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Day 7 – Q 2. What are your views on the frequent directions issued by the courts to the central and state governments with respect to governance and administration? Is it a good practice? Critically comment. 

  • IASbaba
  • June 17, 2020
  • 0
Governance, GS 2, TLP-UPSC Mains Answer Writing
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2. What are your views on the frequent directions issued by the courts to the central and state governments with respect to governance and administration? Is it a good practice? Critically comment. 

न्यायालयों द्वारा केंद्र और राज्य सरकारों को प्रशासन सम्बंधित में मुद्दों में जारी किए गए निर्देशों पर आपके क्या विचार हैं? क्या यह एक सही है? समालोचनात्मक टिप्पणी करें।

Demand of the question:

It expects students to write about views about frequent directions issued by the courts to the central and state governments with respect to the governance and administration along with critical analysis about whether such practice is good. 

Introduction:

Supreme Court directed Delhi government based on suo motu cognisance about treatment meted out to COVID-19 patients and the bodies of those who lost the battle with the disease. In recent time Supreme Court issued various orders and direction to states and centre about the response to the pandemic of COVID-19, which remains turf of administration and governance. 

Body:

In State of Tamilnadu v K. Balu, the Supreme Court banned liquor shops within 500 m of highways, which was a legislative order. In Subhash Kashinath Mahajan case it amended the SC/ST Act. Supreme Court earlier fixed timings for bursting crackers on Deepavali, directed interlinking rivers and laid down regulations for the Board of Control for Cricket in India.

Case of judicial activism:

  • Supreme Court being apex court in the country under article 142 of Indian constitution allowed passing any order necessary for doing complete justice in any cause or matter pending before it.
  • Judicial activism makes the top court the most powerful Supreme Court in the world in words of former CJI PN Bhagvati.
  • Instrument of PIL- Public Interest Litigation has done tremendous amount of good. It has practically tried to wipe away every tear of the underprivileged, disadvantaged and illiterate sections of the society.
  • Progressive societal change led by judicial activism like women entry into temple and rights of LGBTQ community were long ignored by state.  
  • Many times inadequacy of the law or regulation in concerned matter obliges court to issue guidelines regarding. E.g. Vishakha guidelines issued by Supreme Court because there was no Sexual harassment at workplace act put in place.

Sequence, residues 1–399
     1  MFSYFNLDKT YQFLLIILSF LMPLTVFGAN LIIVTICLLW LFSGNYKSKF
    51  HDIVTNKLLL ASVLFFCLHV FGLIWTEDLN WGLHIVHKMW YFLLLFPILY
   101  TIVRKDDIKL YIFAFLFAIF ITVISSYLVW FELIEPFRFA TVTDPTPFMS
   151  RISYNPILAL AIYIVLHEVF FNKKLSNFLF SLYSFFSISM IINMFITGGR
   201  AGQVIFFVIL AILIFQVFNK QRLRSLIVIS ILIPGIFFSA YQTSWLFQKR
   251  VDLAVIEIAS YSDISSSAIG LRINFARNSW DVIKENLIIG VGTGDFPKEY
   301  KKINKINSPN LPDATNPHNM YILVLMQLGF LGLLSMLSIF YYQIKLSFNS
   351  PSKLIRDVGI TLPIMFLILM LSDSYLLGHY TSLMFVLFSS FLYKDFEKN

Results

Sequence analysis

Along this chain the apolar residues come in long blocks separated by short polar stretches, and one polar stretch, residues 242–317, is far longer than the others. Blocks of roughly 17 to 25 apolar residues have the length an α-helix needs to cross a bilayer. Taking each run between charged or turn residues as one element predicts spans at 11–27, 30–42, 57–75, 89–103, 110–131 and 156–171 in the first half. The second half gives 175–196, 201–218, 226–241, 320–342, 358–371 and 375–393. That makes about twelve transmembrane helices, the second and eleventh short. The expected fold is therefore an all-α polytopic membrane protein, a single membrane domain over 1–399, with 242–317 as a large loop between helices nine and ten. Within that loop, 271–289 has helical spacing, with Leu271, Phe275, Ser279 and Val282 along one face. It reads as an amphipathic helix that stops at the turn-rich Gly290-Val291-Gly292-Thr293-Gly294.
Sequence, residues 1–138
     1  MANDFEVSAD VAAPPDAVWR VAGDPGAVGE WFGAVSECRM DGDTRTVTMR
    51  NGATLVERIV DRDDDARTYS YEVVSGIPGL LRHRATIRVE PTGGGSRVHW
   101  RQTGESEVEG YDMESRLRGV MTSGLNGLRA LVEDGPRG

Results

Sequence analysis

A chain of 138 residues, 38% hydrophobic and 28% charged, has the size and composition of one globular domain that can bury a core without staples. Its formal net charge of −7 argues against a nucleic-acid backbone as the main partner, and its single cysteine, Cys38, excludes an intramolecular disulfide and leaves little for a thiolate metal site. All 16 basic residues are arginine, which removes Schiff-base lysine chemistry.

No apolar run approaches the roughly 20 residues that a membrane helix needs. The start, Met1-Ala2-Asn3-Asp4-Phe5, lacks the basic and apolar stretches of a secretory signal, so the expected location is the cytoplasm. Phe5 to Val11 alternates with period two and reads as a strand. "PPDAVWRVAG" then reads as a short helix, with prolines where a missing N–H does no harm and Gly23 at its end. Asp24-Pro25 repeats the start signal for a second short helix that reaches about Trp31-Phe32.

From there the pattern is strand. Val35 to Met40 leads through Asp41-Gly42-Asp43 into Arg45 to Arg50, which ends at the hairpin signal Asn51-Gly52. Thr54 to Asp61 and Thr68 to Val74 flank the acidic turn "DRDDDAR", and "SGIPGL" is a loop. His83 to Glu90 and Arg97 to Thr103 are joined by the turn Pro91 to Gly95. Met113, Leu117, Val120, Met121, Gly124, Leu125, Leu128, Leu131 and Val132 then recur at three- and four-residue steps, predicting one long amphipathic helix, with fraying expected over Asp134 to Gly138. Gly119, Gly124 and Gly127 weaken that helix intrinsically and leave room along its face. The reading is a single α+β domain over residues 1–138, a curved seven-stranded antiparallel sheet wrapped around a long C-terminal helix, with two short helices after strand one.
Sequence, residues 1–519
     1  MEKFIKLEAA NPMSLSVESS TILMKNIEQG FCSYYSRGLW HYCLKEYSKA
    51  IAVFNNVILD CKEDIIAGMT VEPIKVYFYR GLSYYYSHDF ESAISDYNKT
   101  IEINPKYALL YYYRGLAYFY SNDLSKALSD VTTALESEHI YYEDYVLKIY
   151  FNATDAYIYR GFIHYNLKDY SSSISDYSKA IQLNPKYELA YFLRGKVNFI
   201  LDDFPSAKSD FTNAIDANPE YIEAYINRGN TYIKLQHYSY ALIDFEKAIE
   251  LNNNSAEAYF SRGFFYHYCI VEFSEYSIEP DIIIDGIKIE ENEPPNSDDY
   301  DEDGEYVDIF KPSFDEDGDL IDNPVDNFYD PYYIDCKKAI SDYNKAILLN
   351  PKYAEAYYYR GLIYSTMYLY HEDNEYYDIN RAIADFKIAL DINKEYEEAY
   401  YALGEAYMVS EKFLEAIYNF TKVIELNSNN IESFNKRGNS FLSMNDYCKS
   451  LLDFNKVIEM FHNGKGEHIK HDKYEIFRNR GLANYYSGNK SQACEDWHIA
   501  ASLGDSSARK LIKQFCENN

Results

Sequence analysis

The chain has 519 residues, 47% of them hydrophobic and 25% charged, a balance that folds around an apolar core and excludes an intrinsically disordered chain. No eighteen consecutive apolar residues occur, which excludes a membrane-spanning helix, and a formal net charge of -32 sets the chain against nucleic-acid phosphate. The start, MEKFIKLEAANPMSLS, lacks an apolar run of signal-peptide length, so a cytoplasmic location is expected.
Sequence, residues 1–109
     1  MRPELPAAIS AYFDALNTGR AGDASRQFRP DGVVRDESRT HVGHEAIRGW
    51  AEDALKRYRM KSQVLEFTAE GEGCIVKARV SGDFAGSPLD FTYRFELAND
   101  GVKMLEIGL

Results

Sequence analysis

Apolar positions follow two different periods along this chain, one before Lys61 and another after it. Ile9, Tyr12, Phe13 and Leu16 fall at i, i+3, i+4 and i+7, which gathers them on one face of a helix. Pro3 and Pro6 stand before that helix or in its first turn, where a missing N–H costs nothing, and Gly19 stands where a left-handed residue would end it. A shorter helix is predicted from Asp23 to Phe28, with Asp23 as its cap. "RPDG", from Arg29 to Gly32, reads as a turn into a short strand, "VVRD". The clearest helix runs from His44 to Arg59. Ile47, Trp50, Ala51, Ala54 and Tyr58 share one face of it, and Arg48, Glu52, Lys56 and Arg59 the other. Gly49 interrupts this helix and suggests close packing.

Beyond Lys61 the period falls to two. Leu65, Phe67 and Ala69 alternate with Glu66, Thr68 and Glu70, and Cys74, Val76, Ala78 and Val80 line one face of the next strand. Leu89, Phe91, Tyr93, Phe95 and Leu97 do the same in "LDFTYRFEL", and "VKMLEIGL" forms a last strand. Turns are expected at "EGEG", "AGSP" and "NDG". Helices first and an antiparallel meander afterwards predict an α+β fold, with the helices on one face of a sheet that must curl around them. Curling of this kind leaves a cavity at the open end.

However, the court is resorting more to judicial activism rather than judicial restraint, which is problematic. Recently, The Supreme Court asked Uttar Pradesh government to file a response on the quarantine norms being followed in the State.

  • In positivist jurisprudence, the centre of gravity of the legal system is statutory law, i.e., law made by the legislature. It holds that lawmaking is not the job of the judges, but of the legislature. Hence, judges should be restrained and not activist in their approach.
  • In view of the well-established principle of separation of powers of the three organs of the state, judges should not perform legislative or executive functions, and each organ of the state should remain within its own domain, in order to avoid chaos.
  • Incursion on other’s turf entails unpredictability in the law. In the process, some of the personal opinions of the judges metamorphose into legal principles and constitutional values.
  • In a parliamentary democracy, citizens are represented by Members of Parliament. The Supreme Court was never envisaged to perform the role of an unelected, third legislative chamber.
  • Of all the three organs of the state, it is only the judiciary that can define the limits of all the three organs.

The usage of judicial activism can be justified in very rare circumstances, such as in the Supreme Court’s decision to strike down Section 377 of the Indian Penal Code.

Conclusion:

The Supreme Court should limit its usage of the sociological school of jurisprudence to only the most exceptional situations, and employ the positivist school as far as possible as three pillars of the state are equal and coordinate departments. They cannot encroach upon each other’s powers

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